Virtual private servers and virtualization options are often called the "wave of the future" when it comes to server technology, along with intimations about the usefulness of the public cloud. But it is only recently that virtualized services have begun to see use in mainstream and public industries, signaling a change in the way the technology is viewed. Early adopters are typically tech firms and those businesses with a high degree of autonomy. Schools, hospitals and other types of publicly-funded institutions typically lag behind in order to both save money and evaluate the usefulness of new technology.
Now, the Yankton School District has chosen a move from their 30 physical servers to approximately 10 virtual ones at an estimated cost savings of over $5,000 per machine. Why? Because instead of running one application per physical, outdated server, the YSD will now be able to run multiple environments on the same virtual platform, both increasing their efficiency and lowering their total cost of maintenance. The YSD next plans to examine virtual desktop options to further refine their ability to virtually compute, but for the moment are satisfied with a bold move to virtualization.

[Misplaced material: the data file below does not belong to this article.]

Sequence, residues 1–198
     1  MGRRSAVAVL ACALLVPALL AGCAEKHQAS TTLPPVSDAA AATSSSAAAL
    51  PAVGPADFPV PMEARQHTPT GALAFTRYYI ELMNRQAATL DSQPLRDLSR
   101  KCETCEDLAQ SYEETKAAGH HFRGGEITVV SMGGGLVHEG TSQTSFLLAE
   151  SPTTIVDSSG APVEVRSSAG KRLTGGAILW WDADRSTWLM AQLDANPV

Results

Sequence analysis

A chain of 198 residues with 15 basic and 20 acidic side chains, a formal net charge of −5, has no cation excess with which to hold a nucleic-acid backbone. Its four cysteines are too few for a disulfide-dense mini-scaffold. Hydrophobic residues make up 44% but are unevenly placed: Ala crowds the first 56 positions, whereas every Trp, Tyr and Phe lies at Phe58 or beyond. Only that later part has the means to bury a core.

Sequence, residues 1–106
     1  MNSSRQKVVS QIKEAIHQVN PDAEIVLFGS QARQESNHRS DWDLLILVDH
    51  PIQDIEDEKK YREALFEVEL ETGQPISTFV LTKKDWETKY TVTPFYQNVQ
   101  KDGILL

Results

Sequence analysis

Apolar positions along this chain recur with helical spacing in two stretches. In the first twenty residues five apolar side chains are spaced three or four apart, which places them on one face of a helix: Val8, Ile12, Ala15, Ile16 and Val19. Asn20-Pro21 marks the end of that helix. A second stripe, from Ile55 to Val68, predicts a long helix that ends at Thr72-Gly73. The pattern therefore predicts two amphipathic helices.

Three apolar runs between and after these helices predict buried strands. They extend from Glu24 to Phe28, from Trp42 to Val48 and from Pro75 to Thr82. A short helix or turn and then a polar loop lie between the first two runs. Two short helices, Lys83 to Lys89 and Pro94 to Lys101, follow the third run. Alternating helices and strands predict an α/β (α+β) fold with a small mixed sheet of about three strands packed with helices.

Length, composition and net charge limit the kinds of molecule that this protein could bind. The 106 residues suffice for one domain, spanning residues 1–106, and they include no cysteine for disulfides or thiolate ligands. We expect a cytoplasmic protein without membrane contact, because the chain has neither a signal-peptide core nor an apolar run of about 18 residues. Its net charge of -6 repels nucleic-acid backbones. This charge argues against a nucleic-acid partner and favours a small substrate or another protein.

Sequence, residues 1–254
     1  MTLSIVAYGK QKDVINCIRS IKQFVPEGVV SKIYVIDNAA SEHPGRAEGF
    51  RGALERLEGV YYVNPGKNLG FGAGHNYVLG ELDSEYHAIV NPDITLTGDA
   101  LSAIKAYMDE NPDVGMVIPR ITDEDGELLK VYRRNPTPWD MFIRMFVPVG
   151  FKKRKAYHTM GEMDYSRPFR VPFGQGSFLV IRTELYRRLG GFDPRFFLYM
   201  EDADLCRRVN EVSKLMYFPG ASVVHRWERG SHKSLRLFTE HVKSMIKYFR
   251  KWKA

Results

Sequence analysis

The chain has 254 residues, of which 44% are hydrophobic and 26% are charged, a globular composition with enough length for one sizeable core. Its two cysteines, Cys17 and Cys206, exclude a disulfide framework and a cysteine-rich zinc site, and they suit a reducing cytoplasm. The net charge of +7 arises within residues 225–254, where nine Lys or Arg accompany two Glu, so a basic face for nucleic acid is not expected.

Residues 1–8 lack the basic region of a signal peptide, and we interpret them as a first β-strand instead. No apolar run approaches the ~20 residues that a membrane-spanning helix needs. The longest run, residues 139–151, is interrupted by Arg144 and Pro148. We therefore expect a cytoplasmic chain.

Bold? In many respects, yes. Public institutions are by nature conservative and while a virtualized server environment will typically see a return on investment in less than six months, municipal and state governments tend to be very cautious with purse strings. The use of this technology at a school level and for a network of over 2,500 computing devices indicates the strides VPS technology has made in both making servers more efficient and in creating an environment in which they run with greater stability and the need for less maintenance, and the YSD intends to put these abilities to the test.